William Edwards: Myths and Legends
[Originally published Wednesday, November 22, 2006]
The have been some stories floating through the family about our original immigrant William Edwards. For example, one story says that he was illiterate. This story is not so far fetched. His son, John Edwards, signed his will in 1875 with his mark. If John was illiterate it follows that William probably was too.
Another story says that William came over to America as a young man, perhaps between 14-16 years old.
One of our first family historians, William Henry Edwards III, said that William first arrived to Long Island, New York. This is interesting because very little is known about William prior to his marrying Christina Smith and starting a family in Germantown, New York.
The murkiest yet most intriguing story has at least two versions. One version says that William was a sailor and while crossing the Atlantic he made a play for the captain’s daughter and either ended in the water or as deserter from the ship. The other version has William getting up to his mischief in Wales and being sent to the colonies as his punishment. There is actually some support for this second theory. Peter Wilson Coldham cites a William Edwards arriving in 1771 as a bonded passenger in his book, The Complete Book of Emigrants in Bondage, 1614-1775 (page 256). However, there were quite a number of William Edwards arriving during the 1770s so that is by no means conclusive.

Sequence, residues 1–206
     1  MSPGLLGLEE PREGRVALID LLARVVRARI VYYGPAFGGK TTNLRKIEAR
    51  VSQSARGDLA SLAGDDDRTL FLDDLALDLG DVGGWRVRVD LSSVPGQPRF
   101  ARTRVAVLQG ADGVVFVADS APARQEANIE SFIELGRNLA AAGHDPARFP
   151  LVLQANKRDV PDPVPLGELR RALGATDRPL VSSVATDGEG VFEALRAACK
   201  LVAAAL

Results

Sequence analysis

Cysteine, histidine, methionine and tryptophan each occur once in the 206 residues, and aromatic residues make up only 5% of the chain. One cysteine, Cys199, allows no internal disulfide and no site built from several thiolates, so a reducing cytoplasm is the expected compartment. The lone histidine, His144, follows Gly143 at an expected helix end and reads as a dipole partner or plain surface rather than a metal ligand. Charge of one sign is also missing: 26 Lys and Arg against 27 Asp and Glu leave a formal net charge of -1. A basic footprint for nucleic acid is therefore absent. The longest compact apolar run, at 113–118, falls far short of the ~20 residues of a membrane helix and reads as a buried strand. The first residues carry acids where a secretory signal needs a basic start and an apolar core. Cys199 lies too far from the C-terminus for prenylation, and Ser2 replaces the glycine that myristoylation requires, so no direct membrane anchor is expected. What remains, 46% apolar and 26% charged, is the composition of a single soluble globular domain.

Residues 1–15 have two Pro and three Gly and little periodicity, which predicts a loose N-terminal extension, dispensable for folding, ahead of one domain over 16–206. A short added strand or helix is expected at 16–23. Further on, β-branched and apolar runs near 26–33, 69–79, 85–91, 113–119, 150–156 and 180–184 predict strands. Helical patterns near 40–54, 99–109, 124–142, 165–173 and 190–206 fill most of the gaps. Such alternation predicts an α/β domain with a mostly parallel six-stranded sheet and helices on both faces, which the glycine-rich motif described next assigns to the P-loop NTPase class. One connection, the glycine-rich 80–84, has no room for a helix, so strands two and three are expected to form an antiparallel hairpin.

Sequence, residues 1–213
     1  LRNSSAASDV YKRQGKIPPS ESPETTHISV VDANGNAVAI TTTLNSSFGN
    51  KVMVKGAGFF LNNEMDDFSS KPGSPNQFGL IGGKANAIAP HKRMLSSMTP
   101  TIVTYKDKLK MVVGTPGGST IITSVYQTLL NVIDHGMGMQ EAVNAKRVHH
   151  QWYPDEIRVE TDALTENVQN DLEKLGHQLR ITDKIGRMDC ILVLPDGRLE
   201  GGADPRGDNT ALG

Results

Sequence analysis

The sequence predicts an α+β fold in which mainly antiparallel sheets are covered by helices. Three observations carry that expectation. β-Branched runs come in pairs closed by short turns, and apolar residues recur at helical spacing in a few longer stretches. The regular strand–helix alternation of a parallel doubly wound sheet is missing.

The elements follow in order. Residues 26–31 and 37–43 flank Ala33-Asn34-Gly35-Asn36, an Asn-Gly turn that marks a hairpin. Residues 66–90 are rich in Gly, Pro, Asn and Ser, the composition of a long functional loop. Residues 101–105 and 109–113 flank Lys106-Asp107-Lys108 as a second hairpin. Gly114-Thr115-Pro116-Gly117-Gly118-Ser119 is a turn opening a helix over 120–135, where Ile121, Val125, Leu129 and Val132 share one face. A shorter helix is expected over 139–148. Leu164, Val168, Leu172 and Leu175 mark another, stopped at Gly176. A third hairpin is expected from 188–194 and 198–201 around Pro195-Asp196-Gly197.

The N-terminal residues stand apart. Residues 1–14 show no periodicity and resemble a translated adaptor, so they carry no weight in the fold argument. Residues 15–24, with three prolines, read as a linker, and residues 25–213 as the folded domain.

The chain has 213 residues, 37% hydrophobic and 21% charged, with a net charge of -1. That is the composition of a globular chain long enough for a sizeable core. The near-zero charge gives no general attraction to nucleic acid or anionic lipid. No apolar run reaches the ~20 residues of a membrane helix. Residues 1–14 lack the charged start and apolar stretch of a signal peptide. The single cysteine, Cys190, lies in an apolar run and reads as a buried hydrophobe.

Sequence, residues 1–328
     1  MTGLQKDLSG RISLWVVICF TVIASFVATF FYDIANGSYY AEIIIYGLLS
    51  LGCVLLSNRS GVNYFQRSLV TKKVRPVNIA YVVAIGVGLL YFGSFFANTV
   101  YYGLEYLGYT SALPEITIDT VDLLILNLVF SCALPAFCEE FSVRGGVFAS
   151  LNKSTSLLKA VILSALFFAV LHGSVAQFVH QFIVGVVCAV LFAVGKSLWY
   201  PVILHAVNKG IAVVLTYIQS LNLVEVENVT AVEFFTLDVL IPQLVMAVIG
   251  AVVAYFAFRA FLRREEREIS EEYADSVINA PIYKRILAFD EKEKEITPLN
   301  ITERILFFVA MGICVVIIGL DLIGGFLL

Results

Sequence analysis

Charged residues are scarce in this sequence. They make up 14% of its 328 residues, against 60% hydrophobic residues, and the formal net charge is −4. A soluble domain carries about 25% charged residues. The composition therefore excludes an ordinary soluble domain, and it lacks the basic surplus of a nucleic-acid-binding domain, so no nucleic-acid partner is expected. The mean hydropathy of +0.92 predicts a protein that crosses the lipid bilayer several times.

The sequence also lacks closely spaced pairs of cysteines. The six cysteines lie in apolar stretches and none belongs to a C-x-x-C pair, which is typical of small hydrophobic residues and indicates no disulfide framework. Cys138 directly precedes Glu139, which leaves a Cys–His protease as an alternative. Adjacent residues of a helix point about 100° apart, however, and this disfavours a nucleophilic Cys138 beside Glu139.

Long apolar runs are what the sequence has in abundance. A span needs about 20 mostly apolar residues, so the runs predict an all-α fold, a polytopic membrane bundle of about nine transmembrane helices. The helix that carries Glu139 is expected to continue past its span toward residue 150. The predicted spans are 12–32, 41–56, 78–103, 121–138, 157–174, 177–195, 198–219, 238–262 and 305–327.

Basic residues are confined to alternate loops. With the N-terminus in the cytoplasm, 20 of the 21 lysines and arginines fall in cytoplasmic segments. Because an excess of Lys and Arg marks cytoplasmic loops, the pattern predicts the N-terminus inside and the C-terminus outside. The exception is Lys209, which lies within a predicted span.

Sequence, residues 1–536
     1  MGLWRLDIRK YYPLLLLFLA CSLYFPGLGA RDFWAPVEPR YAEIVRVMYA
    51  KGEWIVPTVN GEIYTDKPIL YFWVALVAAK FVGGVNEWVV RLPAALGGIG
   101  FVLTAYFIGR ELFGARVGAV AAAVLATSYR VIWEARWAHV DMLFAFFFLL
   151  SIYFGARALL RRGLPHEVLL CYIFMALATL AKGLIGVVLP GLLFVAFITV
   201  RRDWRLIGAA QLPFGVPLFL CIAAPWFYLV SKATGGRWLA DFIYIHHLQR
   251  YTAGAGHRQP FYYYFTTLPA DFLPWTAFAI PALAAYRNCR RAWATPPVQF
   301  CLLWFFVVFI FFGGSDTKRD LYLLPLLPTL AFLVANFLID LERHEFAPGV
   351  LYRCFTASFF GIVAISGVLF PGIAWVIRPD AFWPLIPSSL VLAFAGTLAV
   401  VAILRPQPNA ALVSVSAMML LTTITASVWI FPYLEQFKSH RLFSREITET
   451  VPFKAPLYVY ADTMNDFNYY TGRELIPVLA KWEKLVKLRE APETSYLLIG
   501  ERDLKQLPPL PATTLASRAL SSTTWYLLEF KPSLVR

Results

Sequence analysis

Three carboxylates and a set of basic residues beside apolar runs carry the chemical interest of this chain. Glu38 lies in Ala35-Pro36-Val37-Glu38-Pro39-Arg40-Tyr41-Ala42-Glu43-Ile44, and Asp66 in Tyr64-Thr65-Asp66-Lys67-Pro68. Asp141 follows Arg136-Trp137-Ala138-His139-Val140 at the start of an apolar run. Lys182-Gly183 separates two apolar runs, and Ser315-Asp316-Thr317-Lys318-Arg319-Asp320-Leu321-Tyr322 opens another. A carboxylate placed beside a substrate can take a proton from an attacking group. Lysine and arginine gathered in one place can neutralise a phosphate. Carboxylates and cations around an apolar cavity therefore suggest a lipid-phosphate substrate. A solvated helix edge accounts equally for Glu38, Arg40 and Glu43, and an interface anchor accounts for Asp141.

The idea of William as a sailor has been passed down through many branches of the family. The descendants of Solomon Edwards and the descendants of Stephen and Seeber Edwards also share this lore about his occupation.
Does your branch of the family share these same stories? Do you have any other stories about William? Please let us know!